The economic and sovereign debt crisis in Europe has triggered a comprehensive institutional reform to avert similar catastrophic scenarios in the future and provide ongoing income support to member states should they still occur.
Substantial fiscal risk sharing mechanisms have been contemplated, ranging from a limited euro area budget, direct transfers between the member states and a degree of debt mutualisation, to common unemployment insurance, all in an effort to establish a link between individual income risk and fiscal transfers. However, these arrangements fall short of mitigating idiosyncratic1 shocks that affect the member states in "normal" times. To be effective, such consumption smoothing must discriminate between a total cycle component, pertinent for the eurozone as a whole, and a country specific (i.e. idiosyncratic) cycle, which is highly arbitrary.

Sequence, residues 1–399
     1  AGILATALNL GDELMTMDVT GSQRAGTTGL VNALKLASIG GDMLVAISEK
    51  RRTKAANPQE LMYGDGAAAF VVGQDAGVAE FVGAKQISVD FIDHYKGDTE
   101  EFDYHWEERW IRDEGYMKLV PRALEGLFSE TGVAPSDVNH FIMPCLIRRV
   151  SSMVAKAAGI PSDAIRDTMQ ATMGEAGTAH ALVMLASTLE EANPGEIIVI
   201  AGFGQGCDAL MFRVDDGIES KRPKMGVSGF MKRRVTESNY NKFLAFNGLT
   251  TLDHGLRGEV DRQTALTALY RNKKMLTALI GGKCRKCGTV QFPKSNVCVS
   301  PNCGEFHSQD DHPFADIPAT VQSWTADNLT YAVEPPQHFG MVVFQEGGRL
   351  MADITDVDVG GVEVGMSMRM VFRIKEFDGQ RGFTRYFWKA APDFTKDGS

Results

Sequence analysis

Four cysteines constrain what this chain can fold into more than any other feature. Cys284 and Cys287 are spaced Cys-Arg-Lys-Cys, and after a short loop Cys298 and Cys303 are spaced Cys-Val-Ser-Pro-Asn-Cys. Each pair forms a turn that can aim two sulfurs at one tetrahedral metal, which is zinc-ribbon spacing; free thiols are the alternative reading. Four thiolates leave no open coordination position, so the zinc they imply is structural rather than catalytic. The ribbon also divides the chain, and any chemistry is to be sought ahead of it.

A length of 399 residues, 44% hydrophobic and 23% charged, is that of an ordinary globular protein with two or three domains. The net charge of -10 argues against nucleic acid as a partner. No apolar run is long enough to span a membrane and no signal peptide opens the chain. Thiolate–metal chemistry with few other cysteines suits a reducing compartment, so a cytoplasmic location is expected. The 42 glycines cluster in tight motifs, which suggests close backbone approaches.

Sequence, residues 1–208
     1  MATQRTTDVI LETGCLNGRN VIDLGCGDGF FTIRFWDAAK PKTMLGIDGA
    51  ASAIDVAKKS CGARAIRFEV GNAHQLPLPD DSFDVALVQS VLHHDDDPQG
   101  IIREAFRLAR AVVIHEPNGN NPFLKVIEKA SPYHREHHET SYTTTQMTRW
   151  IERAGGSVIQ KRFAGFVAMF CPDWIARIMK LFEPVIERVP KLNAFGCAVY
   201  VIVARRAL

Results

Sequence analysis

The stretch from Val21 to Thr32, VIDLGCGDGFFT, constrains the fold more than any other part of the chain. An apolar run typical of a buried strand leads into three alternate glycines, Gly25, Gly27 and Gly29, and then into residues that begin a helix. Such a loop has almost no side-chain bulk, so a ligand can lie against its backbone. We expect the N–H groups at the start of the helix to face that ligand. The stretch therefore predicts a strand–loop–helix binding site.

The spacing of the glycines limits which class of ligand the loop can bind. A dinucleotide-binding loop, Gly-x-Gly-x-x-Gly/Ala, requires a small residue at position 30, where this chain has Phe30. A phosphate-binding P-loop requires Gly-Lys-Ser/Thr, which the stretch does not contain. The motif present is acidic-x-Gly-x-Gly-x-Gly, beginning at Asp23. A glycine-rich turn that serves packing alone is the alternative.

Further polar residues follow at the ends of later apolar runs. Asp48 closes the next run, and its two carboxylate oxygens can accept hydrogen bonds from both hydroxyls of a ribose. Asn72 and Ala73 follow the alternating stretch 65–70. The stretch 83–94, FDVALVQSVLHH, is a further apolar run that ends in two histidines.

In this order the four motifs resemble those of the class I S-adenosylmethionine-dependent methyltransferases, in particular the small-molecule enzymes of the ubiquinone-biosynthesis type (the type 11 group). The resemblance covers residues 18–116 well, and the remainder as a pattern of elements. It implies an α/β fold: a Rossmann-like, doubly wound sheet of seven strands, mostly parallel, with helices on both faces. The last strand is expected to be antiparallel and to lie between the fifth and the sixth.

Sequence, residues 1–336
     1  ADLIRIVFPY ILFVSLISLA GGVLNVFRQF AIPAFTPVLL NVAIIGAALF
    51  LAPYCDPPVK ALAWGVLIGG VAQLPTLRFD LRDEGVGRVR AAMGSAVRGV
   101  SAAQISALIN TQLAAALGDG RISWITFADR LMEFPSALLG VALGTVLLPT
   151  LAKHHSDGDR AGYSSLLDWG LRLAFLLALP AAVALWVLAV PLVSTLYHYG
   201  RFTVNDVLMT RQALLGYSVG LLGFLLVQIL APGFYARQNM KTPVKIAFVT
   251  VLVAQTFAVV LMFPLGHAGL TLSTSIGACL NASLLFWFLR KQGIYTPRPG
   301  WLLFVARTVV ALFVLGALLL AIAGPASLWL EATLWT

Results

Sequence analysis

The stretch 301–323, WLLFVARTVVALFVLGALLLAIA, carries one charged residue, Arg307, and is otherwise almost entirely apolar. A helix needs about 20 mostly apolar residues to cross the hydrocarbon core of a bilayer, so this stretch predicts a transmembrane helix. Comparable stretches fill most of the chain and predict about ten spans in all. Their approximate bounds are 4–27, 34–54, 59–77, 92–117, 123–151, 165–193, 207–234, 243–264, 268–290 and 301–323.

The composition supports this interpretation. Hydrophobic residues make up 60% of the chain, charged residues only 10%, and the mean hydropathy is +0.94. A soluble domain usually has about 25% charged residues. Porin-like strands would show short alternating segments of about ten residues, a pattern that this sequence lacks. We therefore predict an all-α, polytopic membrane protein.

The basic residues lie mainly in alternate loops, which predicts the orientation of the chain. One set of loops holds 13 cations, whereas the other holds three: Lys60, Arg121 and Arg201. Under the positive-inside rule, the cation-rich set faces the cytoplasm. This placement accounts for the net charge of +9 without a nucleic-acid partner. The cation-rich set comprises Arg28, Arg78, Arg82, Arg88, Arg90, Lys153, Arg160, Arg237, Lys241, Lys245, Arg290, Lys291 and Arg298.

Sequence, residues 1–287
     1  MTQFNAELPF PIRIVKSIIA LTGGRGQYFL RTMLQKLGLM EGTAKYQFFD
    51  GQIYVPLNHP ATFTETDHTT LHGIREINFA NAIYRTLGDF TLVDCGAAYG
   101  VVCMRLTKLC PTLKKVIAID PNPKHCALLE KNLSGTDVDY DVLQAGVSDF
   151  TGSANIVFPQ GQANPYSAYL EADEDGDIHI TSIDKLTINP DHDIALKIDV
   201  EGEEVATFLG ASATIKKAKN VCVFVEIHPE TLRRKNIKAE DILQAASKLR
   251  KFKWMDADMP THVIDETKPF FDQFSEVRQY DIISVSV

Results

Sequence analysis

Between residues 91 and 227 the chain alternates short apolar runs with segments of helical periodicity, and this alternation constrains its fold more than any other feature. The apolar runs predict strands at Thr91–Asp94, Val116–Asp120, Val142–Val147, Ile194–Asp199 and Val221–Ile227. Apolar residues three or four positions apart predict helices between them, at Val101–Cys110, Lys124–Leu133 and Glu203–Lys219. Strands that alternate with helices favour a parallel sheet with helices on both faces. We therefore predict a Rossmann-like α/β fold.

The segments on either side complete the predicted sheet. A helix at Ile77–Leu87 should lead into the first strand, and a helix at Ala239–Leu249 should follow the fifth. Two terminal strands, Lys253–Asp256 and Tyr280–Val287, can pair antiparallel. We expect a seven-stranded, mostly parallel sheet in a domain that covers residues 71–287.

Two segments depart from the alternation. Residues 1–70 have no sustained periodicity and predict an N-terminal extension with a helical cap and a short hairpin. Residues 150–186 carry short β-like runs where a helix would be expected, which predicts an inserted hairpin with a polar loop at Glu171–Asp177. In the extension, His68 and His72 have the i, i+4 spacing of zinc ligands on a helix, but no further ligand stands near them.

As reported by empirical studies, risk sharing among the Canadian provinces, the German states and the US states is approximately about 39% through capital markets and 23% through credit market mechanisms. However, capital markets in the euro area broke down during the financial crisis, when risk sharing was most needed.
Current EU discussions foresee a limited fiscal capacity, mostly in the range of 1 to 2% of the euro area GDP, which will, even in a full-blown fiscal union, fall short of any significant idiosyncratic shock smoothing. The key is to balance income smoothing and risk sharing both through capital markets and through fiscal transfers, along with a strict enforcement of moral hazard limitations.